censer

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  • noun

Synonyms for censer

a container for burning incense (especially one that is swung on a chain in a religious ritual)

References in periodicals archive ?
Although a basic utilitarian form, their occasional usage as censers is clear (FIGURE 3).
is common practice, as well as syllogisms such as: stairway shrines have frontal masks, censers have frontal masks, therefore stairway shrines are censers.
incense offered with cereal offerings, incense offered on censers, incense offered on the incense altar) are to be related developmentally, i.
Altar boys in black cassocks and white surplices carry in the censers and candles and cross; three priests with folded hands wear birettas and green and gold brocade chasubles.
Ministers poured in, carrying their files and censers.
The stepped design is traditional in Central Asia, where it is found on the painted ceramics from Namazga IV times and on carved stone beads, censers and discs from Namazga IV levels of Ulug depe.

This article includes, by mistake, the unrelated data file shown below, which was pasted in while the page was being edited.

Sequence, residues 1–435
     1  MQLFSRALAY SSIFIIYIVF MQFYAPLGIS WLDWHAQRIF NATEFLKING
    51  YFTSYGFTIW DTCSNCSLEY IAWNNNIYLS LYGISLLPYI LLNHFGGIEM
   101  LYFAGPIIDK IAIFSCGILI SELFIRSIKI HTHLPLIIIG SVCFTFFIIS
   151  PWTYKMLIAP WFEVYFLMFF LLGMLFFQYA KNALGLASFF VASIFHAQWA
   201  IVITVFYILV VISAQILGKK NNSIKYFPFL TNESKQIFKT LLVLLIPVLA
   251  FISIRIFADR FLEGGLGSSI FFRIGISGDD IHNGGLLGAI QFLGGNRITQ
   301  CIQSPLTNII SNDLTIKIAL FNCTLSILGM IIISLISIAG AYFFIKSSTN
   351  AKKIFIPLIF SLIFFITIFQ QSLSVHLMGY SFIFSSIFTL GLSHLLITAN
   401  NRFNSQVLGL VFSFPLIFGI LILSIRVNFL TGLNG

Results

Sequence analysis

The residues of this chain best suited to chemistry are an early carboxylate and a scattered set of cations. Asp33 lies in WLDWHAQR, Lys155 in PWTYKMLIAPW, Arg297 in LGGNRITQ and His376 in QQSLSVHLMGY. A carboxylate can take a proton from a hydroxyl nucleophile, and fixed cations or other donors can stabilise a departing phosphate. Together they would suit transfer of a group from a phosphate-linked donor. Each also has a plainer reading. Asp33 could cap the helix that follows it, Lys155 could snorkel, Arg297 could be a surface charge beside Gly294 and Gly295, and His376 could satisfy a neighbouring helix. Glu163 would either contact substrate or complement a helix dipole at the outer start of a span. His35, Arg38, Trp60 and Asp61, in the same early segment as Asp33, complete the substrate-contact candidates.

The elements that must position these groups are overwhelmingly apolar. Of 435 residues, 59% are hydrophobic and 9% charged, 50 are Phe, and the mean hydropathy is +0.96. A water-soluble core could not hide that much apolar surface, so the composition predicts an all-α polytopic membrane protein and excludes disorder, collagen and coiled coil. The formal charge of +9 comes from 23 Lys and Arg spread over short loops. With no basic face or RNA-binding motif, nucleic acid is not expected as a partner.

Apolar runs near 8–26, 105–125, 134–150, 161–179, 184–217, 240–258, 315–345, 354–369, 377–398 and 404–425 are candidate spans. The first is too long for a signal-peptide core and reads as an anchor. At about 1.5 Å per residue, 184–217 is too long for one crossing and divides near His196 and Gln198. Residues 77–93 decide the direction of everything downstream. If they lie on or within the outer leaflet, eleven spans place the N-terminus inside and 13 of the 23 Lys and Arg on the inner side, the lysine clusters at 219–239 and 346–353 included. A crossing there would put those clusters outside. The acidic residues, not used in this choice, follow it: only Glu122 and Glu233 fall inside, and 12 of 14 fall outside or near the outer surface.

Every church, from magnificent urban cathedrals to modest country chapels, required ritual objects such as silver chalices, candlesticks, and censers, as well as elaborately wrought altarpieces, gilded and embellished with paintings and sculptures depicting divinity, the Virgin Mary, and saints.
Like these arabesque censers, my spirit is writhing in fire, and the delirium of this scene is fashioning me for wilder visions of that land of real dreams whither I am now rapidly departing.
60) The deacons held censers, the subdeacons and deaconesses held manoualia, (61) and the myrophoroi each carried a triskelion.
Jingling censers of pungent incense sweeten the air as the droning chant of morning prayers reverberates throughout the hall.
This annual rite retired old censers made of clay in various effigy figures and replaced them with those newly made.
In addition to the large quantity of householdware, there were also objects designated as chalices, censers, braziers, footbaths, "cup and saucer" lamps, baking trays, rattles, and many figurines.
The Kremlin's Dormition Cathedral (Figure 1), Easter Sunday, 1899: priests sing, icons glitter, censers swing.